|Sun starting to get low on Jackson Hill.|
We arrived at our Saturday night campsite at about 8:30 PM, hiking until after dark for the second night in a row. It felt great to be in camp after such a long day of hiking, though. The feeling of being so wonderfully tired at the end of the day, and being able to just sit in camp, cook dinner, and go to sleep, is one of the simple delights of backpacking. So is falling asleep while breathing fresh, cool air straight from the outdoors. Unfortunately, the third part of my camping trifecta wasn’t in place– I realized that night that I’m quite sick of couscous. I need to change up my backpacking meals.
|Lupus doesn’t care what kind of food it is, as long as it’s edible.|
Sunday morning we hit the trail again at 8 AM, but this time with a somewhat wet trail. It had rained during the night (a lot, I think, but I’d slept through it all), and the temperature had dropped like a rock. Throughout the day, the temperature never got any higher than 45, nor did we see the sun. Shame, since there are plenty of fine views in the northern half of the Greenway. We moved much slower on Sunday due to the long day before, but it was nice just to enjoy the forest, even without views.
|Hiking into the storm.|
Around 3 PM, while we were somewhere on Pillsbury Ridge just north of Lucia’s Lookout, the rain started to fall. It wasn’t much at first, but at forty degrees it doesn’t take much rain to be a nuisance. As we continued along, the rain came a little harder, and a little harder. It never got to be torrential, but it was icy cold, and eventually soaked us all. Had we planned on camping that night, we might have stopped early in the day and hunkered down in our tents, but we had to be done that night, and the car was still six or eight miles away. Nothing left to do but hike.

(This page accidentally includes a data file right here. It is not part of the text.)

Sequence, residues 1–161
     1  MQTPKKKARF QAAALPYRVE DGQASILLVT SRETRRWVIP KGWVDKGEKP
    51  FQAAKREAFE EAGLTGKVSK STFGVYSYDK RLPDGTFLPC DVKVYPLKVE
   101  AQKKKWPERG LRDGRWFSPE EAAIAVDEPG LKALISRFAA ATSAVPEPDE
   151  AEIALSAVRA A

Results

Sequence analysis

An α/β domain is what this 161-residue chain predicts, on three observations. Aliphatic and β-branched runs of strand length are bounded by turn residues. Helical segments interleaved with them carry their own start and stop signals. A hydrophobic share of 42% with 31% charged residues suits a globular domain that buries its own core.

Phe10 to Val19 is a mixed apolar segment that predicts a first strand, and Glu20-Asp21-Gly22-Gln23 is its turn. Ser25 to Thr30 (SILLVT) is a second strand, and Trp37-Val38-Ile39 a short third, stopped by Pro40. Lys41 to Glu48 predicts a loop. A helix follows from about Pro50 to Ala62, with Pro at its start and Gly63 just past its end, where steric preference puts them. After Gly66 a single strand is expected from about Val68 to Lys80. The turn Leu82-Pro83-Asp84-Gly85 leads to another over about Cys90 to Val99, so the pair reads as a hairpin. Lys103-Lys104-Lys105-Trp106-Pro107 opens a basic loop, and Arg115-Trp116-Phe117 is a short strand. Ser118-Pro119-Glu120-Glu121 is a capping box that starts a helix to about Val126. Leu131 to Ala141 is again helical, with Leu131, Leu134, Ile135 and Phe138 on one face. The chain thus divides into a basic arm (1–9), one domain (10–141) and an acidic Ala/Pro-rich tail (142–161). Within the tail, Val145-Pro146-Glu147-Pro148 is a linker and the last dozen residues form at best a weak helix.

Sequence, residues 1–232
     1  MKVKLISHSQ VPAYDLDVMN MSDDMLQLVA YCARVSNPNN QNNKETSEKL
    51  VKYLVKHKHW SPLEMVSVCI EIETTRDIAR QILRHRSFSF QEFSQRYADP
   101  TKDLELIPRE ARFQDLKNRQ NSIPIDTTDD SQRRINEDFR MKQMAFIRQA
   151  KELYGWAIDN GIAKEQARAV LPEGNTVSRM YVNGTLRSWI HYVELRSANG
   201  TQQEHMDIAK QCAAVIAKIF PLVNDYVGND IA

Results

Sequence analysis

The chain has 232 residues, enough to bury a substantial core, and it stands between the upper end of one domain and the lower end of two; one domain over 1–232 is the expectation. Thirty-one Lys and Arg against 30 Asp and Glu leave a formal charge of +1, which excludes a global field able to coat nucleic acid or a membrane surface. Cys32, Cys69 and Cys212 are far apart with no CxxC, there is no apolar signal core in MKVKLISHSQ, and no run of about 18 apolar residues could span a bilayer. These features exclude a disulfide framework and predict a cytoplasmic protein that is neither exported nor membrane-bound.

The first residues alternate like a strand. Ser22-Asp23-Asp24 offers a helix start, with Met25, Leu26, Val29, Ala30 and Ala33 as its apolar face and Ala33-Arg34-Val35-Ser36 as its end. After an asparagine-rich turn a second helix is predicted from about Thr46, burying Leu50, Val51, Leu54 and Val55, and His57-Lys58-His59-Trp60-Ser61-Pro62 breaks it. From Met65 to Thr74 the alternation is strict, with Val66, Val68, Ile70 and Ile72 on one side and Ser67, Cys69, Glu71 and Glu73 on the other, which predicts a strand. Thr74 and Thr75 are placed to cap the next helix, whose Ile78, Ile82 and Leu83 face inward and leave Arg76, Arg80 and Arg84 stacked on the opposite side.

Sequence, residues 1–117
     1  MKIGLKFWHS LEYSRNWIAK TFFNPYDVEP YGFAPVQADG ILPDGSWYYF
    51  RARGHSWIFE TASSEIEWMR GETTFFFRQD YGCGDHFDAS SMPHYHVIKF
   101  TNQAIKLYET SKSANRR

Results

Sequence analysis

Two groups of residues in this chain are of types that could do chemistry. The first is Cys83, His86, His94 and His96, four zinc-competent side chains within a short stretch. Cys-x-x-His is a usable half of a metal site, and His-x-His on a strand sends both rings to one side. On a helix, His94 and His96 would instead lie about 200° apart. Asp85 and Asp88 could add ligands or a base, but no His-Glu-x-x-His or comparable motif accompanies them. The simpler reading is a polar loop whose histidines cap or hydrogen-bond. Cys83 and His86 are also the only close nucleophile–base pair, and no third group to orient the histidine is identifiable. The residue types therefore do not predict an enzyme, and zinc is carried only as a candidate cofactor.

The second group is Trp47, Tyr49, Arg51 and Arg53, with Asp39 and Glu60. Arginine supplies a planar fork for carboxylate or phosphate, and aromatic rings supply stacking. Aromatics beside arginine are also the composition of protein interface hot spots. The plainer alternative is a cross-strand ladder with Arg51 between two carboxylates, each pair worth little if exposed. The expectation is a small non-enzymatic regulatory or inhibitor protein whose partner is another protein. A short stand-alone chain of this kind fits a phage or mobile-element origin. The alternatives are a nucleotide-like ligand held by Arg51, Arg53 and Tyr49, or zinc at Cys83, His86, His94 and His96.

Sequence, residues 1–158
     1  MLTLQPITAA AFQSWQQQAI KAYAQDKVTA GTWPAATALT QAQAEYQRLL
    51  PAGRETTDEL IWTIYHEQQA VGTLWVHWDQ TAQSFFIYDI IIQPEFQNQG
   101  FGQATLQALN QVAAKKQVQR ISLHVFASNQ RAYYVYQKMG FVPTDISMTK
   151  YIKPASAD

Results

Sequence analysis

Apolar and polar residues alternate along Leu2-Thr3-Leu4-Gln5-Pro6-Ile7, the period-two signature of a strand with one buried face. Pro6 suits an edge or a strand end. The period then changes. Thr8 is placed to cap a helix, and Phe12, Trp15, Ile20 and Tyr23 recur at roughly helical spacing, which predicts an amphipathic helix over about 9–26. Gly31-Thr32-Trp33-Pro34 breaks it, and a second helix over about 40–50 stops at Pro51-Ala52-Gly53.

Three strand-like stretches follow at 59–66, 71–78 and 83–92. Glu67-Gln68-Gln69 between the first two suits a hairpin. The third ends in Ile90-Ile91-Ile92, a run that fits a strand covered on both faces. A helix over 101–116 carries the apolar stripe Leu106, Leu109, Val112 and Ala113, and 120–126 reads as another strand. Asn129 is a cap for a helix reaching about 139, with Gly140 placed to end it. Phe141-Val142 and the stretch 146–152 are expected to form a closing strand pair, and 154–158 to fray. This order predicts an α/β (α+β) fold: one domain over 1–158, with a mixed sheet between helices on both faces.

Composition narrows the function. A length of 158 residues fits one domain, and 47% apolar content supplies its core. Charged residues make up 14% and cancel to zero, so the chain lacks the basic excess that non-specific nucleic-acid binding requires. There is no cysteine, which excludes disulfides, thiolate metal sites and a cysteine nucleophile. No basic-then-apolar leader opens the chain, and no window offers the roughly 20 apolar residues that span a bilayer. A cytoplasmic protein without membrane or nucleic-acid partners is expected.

|Now things are getting pretty damp.|
Upon reaching the summit of Mount Sunapee, we stopped for only a few moments to regroup before starting the last few miles down to the car. The rain was colder now, forcing us to keep moving to avoid hypothermia. Even with constant movement, it was pretty chilly. By the time I saw the ski lodge, it was dusk, and I realized we had hiked until dark all three days. Of course, that thought left my mind as I dug my keys out of my pack and dove into the car. We cranked the heat up and breathed a collective, and large, sigh of relief while the fans drove away the moisture. That was a heck of a weekend.
It’s been a while since I’ve hiked through really nasty conditions like Sunday afternoon– it reminded me a little too much of my last few weeks on the Pacific Crest Trail in Washington. But this time, instead of feeling exhausted and discouraged at the end, I was so happy to be out in that kind of weather. I was sore and sleepy all day on Monday, but I knew I had earned every minute that I sat on my couch. And it was just a nice feeling to know that even when I feel out of practice, I can still get right into the nitty gritty of backpacking. I think this summer is going to be a good hiking season.